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Identifier
Created
Classification
Origin
04LILONGWE696
2004-07-23 10:11:00
UNCLASSIFIED
Embassy Lilongwe
Cable title:  

CHILD LABOR REMAINS AN ISSUE IN MALAWI

Tags:   ELAB  EIND  ETRD  PHUM  SOCI  EAID  MI 
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						UNCLAS SECTION 01 OF 02 LILONGWE 000696 

SIPDIS

E.O. 12958: N/A
TAGS: ELAB EIND ETRD PHUM SOCI EAID MI
SUBJECT: CHILD LABOR REMAINS AN ISSUE IN MALAWI

REF: STATE 148987

SUMMARY
-------
UNCLAS SECTION 01 OF 02 LILONGWE 000696

SIPDIS

E.O. 12958: N/A
TAGS: ELAB EIND ETRD PHUM SOCI EAID MI
SUBJECT: CHILD LABOR REMAINS AN ISSUE IN MALAWI

REF: STATE 148987

SUMMARY
--------------

1. One-third of Malawian children aged five to
seventeen are involved in child labor, according to the
Ministry of Labour and Vocational Training's recently
released Malawi Child Labour 2002 Report. The report,
funded by the United States Department of Labor (USDOL)
through the International Labour Organization (IOL),
demonstrates that: 72 percent of children attend school;
84 percent of children are employed; and of those
employed, 47 percent are employed under the survey's
definition of child labor. Also included in the report
are Street Children and Child Prostitution studies,
which focus on the socio-economic factors involved in
the children's situation. Without quantifying the
number of street children or child prostitutes, both
surveys found that a majority of street kids and
children in sex trade had lost one or both parents. END
SUMMARY

Child Population of Malawi
--------------

2. The Malawi Child Labor Survey (MCLS) was carried out
through a representative sample of 8,000 households.
From these interviews, it was determined that there are
approximately 3.8 million children in Malawi between the
ages five and seventeen and that these children account
for 34 percent of Malawi's total population. Although
2.7 million children (72 percent) reported being
enrolled in school, the survey estimated that 3.2
million children (84 percent) were working either in
their homes or outside of their homes in both economic
and non-economic activities during the twelve months
preceding the survey.

Child Labor
--------------

3. The MCLS defines child labour as: "Working children
below the age of 14 years who worked for more than seven
hours in the reference week and working children between
the ages of five and seventeen, were categorized as
child labour if they were working in agriculture."
Using this definition, the survey found that around 1.4
million children in Malawi are employed in child labor,

representing 37 percent of the total five to seventeen
child population.

Children in Economic and Non-Economic Activities
-------------- ---

4. Out of the 3.2 million working children, the survey
found 1.5 million to be working in economic activities.
The MCLS defines economic activity as working for pay,
either in-cash or in-kind, or engagement in family
activities without pay, such as farming or hunting. An
additional 1.7 million children (53 percent of working
children) were working in only housekeeping capacities.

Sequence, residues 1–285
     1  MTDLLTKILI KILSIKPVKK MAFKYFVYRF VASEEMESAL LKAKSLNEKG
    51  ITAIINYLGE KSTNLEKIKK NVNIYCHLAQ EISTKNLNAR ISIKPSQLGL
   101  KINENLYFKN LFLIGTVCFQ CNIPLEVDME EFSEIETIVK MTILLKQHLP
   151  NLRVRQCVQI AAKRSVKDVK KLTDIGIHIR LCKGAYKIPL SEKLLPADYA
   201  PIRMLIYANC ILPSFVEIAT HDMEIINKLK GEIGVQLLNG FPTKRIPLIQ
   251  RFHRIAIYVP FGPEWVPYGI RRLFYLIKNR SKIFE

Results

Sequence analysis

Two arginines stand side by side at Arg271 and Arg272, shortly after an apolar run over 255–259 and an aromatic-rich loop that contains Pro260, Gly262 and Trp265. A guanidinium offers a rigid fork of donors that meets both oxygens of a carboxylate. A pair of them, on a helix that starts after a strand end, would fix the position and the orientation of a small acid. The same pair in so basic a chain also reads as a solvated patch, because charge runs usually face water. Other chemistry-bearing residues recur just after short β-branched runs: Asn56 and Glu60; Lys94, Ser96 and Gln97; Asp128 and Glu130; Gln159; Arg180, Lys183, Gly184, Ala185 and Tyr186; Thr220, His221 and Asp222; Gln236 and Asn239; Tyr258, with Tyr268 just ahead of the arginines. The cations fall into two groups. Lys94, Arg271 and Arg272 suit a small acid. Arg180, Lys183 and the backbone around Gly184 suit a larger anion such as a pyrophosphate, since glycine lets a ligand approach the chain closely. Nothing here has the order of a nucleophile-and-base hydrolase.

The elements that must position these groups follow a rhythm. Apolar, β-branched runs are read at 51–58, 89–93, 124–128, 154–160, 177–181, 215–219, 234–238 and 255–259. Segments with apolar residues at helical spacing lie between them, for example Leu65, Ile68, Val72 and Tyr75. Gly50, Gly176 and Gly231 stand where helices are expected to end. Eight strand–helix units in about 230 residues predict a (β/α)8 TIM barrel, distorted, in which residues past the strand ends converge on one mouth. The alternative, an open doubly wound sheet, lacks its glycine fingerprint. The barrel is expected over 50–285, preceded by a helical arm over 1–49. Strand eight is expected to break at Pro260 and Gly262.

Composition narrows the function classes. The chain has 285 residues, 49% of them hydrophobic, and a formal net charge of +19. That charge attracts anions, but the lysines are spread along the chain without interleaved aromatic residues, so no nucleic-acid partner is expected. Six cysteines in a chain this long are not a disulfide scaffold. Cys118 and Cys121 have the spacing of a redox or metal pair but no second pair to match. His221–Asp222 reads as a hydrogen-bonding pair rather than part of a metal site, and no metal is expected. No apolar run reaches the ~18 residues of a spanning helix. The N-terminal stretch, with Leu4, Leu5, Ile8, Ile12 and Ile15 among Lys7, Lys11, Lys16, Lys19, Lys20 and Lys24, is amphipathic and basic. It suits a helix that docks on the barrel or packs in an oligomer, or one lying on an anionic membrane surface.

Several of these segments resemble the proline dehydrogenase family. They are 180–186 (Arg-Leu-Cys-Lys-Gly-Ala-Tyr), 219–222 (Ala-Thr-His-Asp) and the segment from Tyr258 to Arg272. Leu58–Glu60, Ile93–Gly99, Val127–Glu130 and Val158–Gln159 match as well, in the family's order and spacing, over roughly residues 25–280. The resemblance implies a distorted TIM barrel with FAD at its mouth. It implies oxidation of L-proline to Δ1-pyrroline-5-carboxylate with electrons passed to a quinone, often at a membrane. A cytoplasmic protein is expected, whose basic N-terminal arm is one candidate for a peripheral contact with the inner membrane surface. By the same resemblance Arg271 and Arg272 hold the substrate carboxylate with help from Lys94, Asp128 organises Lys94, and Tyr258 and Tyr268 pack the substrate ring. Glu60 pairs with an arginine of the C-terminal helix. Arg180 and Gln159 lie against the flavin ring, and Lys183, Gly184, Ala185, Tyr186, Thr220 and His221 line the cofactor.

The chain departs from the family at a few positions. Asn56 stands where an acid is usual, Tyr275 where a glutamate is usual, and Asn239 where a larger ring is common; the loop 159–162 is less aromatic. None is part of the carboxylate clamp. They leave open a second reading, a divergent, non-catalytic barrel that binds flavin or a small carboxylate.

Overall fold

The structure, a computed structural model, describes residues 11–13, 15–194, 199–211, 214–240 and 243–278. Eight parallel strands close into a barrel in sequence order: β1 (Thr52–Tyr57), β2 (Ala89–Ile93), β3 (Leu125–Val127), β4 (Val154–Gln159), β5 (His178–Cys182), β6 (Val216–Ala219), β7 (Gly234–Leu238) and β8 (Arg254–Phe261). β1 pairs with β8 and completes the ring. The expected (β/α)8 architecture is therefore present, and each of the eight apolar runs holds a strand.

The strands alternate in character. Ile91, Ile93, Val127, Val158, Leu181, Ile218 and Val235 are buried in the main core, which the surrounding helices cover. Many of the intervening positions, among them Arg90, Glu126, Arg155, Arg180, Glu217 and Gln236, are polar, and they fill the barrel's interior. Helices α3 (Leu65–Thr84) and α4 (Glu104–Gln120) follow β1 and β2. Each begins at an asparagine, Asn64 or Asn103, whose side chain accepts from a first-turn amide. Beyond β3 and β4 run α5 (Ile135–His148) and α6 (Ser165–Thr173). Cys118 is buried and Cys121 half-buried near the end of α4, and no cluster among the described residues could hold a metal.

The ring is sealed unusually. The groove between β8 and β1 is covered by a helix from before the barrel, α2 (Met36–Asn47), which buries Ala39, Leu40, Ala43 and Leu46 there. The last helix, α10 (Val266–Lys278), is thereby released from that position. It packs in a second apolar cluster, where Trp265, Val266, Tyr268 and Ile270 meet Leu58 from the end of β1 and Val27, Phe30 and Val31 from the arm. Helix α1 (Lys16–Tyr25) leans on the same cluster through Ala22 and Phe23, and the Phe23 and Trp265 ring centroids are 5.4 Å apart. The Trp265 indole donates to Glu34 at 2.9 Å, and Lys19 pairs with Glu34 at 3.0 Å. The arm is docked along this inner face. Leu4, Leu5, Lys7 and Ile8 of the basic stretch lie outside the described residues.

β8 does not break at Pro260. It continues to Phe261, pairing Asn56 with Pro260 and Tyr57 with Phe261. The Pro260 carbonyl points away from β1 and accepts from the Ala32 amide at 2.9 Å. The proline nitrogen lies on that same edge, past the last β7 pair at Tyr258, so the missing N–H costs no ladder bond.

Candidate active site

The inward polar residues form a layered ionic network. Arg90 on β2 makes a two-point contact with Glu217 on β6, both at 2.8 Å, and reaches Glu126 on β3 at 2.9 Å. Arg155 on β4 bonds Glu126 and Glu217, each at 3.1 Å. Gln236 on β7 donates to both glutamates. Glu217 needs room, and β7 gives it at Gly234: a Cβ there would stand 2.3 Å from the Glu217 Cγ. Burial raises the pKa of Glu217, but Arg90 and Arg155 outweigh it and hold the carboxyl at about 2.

The MCLS defines non-economic activity as activities of
a domestic nature and also voluntary and charitable
activities.

Street Kids Survey
--------------

5. The Street Kids Survey was conducted in 2003 and used
a sample population of 396 street children. Of the
street children interviewed, 93 percent were male, and
51 percent had at least one deceased parent. The survey
found that around 56 percent of street children's
mothers were unemployed, but were capable of working.
Fewer than four percent reported their mothers to be
employed.


6. The survey also found approximately four percent of
street children had worked, or been looking for work, in
the week prior to being surveyed.

Child Prostitutes Survey
--------------

7. The Children in Commercial Sexual Exploitation Survey
(CSECS) was conducted in 2003 with a sample of 549
children involved in sex work. Of the children
surveyed, approximately 85 percent were between the ages
of fifteen and seventeen and approximately 87 percent
had been in the sex trade for less than two years.


8. 49 percent of the children surveyed had lost both
parents, and approximately 60 percent had lost a mother.
Around 24 percent of the children in commercial sex work
also had a mother who was unemployed, but capable of
working. Fewer than nine percent of the children had
employed mothers.


9. The survey also found that nine percent of children
in commercial sex work were attending school. Of the
children surveyed who were not attending school, 72
percent had dropped out, while 18 percent had never
attended school.

Background
--------------

10. Child labor in Malawi came to the attention of the
international community in 2000, when a report on
Tobacco Tenants in Malawi acknowledged widespread child
labor practices. The MCLS was conducted to provide
quantitative data on children's activities (economic and
non-economic) to determine the nature, magnitude, and
reasons for child labor and the subsequent effect of
such labor on a child's education, health, and moral
development. USDOL provided financial support for this
survey through the ILO.

COMMENT
--------------

11. While there are deficiencies with the statistical
analysis of this report, it does provide a more
quantitative look at the issue. Recognizing the
continuing problem of child labor in various sectors,
post welcomes Malawi's inclusion in the Department of
Labor's International Child Labor Program Education
Initiative (reftel).


RASPOLIC